Operational Excellence has a strong connection to your brand. A great brand delivers consistent customer experiences at scale. Operational Excellence is about consistently delivering high volume of processes with high quality. It will be felt by your customers, your suppliers and your channel partners invariably.
Like Love and fragrance, you cannot hide Operational Excellence!
The three dimensions of Operational Excellence are Planning, Execution and Continuous Improvement.
Operations deliver the necessary volume and variety to the organization’s processes – be in manufacturing, supply chain or customer service.
The key element here is the right plan for the scale of operations. Three aspects of planning are:
1. Scale: We have to clearly identify the volume of operations and work backwards in terms of planning the resources.
2. Investment: The investments are in fixed resources like plant, machinery, equipment, IT etc. These need to be planned for full scale, being one-time investments. This aspect of planning has to be executed in a single move. This can be your longest lead time activity.
However, in today’s world, one could look at creating an XAAS (X As A Service) model to mitigate the high investment required and scale up using opex models.
3. Variable components: These revolve around labor, variable input components, software licenses, which have a low lead time for induction. They should be planned and incurred gradually over a period of time as you scale up the operations.
When we were building up the CRM program for India’s largest automobile company, it was a green field operation. We had to reach 600 dealers scale starting from 4.
We planned one-time investments in hardware, office space and major supplier contracts with this scale and the resultant pricing leverages. However, our hiring plans, network additions, support staff, etc. were ramped up gradually as the operations scaled up.
Execution is the most important aspect of Operational Excellence. It consists of:
1. Leaning the process: A process is always running in some form or other in the organization. To scale up, you first have to lean the process, i.e., analyze the process with the lens of available technology, and the wastage in the process.
For example, in an inbound calling process, an agent receives the call and searches for customer records. With the induction of a Computer Telephony Integration (CTI), the customer record is brought up to the agent as soon as the call is picked up by him/ her. This removes the waste of time from operations, improving agent productivity.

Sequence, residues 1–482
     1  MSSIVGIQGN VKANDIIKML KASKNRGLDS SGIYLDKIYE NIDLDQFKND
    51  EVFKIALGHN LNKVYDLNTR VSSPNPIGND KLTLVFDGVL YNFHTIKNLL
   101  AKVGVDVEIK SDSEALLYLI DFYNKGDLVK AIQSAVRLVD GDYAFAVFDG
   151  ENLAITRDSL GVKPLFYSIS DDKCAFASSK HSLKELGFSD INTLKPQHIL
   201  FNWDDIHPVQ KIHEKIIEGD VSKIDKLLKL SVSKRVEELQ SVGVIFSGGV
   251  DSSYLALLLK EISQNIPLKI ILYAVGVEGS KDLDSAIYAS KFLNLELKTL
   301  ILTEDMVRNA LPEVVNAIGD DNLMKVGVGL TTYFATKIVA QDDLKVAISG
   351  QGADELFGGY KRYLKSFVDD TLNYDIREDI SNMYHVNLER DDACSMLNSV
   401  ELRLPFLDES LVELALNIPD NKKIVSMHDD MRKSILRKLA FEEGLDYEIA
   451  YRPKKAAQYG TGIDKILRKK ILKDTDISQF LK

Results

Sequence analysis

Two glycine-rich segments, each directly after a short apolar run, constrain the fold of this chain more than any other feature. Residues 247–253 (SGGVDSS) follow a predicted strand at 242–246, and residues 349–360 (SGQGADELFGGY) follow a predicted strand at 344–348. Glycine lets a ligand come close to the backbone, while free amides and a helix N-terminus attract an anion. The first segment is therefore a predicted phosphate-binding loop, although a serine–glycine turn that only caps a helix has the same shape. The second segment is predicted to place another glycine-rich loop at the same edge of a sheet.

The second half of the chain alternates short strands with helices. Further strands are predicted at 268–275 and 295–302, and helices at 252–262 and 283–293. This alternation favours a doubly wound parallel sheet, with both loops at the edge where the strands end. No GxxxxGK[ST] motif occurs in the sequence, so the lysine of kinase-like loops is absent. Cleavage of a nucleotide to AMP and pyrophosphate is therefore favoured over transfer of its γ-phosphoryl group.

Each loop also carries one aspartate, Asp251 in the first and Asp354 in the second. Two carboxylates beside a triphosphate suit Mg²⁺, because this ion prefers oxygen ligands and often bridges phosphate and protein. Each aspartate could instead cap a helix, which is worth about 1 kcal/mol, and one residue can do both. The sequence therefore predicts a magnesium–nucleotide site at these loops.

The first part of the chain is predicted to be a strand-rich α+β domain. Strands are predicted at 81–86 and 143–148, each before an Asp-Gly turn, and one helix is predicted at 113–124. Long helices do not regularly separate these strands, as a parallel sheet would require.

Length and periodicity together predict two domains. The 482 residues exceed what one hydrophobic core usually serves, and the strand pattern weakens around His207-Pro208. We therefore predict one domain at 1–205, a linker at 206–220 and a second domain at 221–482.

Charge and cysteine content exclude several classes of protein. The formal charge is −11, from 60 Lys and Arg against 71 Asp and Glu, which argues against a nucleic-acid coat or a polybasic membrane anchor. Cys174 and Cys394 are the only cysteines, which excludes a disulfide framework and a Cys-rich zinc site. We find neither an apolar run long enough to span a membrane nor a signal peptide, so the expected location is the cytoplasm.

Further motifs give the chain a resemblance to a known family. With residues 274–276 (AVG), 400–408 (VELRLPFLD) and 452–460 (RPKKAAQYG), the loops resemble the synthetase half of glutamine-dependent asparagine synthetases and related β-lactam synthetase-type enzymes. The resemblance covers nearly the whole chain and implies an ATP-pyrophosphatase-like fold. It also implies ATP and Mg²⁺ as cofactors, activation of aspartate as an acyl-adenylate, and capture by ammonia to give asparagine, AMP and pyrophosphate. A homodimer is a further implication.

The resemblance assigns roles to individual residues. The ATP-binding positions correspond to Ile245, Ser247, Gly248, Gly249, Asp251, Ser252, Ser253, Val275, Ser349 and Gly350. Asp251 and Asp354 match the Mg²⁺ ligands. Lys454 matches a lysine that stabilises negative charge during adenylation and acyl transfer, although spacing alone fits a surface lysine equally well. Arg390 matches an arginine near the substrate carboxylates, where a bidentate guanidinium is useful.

We have to always keep an eye out for available technology which can help lean the process further driving up efficiencies and excellence.
2. SOPs: An operation is about a set of repetitive operations. The quality and consistency of these repetitive operations is ensured by Standard Operating Processes (SOPs). SOPs are one of the most important but sometimes ignored, facets of operations.
As your operations becomes larger and more complex, your process scenarios will have more and more variants. Your SOPs will have to be continuously updated to reflect this increasing complexity.
3. People and Culture: Your culture and people come into play when SOPs are not available – e.g., in crisis situations, unique scenarios, or when the right skilled personnel are not available. The culture needs to be shaped to empower people to make decisions and take responsibility.
You need to consciously build the right culture so that your people grow in the operations in the best possible way.
Ø People Management: The heart of every operation is people. Their morale will decide the quality and scale of your output. Things that you can do to manage the morale are
Rewards and Recognition: They have to be tied with your Operations KPIs and the best performance needs to be rewarded and celebrated, whether it is by an individual or a team. This motivates everyone to do better and better and be recognized as part of our team.
Employee engagement activities (Teamwork beyond your work-team): Your employees are holistic human beings with other aspirations and interests. Set up hobby clubs, conduct CSR activities and recognizing their efforts outside their workspace.
Culture: Culture is the collective behavior of your people. A great culture is imperative for OE. Do you want your people to push issues under the carpet, or do you want them to be the flag-bearers of excellence? The choice of building culture depends on the leaders. People will follow you so be careful of the examples you set.